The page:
So, we get to a week before completion, and absolutely nobody now is backing down from the date they were given originally, despite the actual exchange of contracts moving ever closer to this date.

To learn more about ‘exchange of contracts’ – This blog post might be useful (scroll down a bit)

Mrs Smiths buyers are away on the next proposed day of exchange, and so it gets delayed, then the next day they are out of signal, and the next they pop up and say they have a couple of queries on the survey. Now we are 48 hours from a supposed completion and the entire chain are now informed exchange will happen the day before completion day……………..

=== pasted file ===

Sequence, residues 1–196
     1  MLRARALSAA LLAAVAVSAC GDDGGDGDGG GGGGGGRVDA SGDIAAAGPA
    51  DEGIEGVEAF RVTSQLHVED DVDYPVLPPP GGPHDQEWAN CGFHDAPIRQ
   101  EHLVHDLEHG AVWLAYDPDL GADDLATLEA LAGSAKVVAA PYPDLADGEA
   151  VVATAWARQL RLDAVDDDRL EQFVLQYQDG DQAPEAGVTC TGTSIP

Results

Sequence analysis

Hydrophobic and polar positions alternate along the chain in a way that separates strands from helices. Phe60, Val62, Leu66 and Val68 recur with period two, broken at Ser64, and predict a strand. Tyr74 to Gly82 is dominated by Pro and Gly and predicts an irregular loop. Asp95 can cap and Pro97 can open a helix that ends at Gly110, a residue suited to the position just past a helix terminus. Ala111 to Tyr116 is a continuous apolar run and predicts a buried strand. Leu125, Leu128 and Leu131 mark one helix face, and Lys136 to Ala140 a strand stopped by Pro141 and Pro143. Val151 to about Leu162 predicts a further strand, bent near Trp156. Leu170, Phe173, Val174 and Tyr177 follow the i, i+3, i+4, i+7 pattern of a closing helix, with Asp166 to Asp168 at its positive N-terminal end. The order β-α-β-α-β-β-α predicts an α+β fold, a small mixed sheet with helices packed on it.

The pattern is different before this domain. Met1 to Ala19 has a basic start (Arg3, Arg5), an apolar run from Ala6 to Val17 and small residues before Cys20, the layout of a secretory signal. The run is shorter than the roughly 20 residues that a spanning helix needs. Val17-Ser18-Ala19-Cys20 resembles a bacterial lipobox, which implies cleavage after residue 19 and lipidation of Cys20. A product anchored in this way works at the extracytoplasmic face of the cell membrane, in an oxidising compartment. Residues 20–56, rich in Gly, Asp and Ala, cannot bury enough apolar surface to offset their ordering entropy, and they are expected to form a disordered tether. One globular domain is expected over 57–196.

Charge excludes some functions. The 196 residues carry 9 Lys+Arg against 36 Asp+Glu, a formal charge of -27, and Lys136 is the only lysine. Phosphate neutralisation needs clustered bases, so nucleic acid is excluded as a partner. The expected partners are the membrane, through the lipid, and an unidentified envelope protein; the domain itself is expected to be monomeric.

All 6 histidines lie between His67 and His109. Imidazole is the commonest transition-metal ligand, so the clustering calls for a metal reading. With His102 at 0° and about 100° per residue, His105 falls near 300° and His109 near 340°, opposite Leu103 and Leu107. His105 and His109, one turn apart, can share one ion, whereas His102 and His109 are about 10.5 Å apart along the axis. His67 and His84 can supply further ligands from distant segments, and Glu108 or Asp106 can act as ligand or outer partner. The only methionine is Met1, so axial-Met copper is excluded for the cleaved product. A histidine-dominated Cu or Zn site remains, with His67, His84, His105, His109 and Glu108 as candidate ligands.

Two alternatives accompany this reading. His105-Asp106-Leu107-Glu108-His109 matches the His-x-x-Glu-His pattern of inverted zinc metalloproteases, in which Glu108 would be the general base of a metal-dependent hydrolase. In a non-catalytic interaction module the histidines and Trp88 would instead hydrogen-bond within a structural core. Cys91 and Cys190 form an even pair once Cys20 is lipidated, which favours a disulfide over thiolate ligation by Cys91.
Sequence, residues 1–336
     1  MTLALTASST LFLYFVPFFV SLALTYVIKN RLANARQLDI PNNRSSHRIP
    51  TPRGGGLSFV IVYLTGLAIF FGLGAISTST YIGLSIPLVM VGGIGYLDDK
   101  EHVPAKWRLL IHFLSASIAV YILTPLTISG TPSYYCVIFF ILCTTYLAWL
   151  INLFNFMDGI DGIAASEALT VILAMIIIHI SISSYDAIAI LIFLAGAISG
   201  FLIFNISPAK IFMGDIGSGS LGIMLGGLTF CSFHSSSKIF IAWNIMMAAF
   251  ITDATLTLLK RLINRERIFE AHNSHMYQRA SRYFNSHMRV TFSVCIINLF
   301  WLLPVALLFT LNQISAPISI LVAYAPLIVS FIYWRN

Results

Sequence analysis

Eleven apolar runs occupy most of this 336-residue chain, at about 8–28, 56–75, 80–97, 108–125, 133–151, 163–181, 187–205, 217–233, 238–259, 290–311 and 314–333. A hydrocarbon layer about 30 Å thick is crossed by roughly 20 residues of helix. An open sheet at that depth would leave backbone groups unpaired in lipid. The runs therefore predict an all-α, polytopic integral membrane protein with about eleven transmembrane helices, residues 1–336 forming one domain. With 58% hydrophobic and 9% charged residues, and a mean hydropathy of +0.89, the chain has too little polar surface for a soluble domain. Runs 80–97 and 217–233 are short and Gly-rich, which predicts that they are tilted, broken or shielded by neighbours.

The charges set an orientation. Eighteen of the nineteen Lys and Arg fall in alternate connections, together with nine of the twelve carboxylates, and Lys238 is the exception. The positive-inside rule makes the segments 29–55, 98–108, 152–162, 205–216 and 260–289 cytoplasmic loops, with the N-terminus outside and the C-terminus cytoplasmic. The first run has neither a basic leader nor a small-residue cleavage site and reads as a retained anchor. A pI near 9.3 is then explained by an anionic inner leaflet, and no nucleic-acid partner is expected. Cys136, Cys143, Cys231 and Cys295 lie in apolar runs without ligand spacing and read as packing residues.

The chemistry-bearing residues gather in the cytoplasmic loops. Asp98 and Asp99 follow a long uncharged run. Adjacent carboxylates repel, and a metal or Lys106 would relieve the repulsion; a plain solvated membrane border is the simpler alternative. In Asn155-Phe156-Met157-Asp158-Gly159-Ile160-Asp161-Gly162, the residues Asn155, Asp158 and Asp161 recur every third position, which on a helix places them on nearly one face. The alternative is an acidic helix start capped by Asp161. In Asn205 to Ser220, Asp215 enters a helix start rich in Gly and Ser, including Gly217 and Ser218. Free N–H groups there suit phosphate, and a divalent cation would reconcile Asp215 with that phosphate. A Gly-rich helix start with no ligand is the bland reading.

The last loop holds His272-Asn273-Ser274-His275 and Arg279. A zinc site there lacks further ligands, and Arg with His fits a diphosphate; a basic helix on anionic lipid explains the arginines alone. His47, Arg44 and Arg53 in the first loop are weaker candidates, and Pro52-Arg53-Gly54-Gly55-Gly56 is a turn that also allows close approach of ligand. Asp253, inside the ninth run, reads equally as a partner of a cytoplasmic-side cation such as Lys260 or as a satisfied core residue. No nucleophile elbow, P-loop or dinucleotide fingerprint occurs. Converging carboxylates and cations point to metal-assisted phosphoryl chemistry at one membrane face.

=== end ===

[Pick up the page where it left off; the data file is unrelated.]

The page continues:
On the day before – Mrs Smiths buyers send a message that there are a few bits on the survey (or any other of a thousand excuses) that they are concerned about and so they are dropping their offer by £10,000. So what would Mrs Smith like to do?

It is at this moment Mrs Smith realises she literally, both financially and emotionally cannot afford not to move. And so, as happens so often, negotiations begin, and if she is lucky she may settle on five grand off the previously agreed figure.

The estate agent, well, 1.5% of £5000 is only £75, and it’d cost them more than that to put the house back on the market. The solicitor, well, they’ll certainly get paid, and hey – if this sale falls through they might now get an extra set of work, and that too would have to be paid for………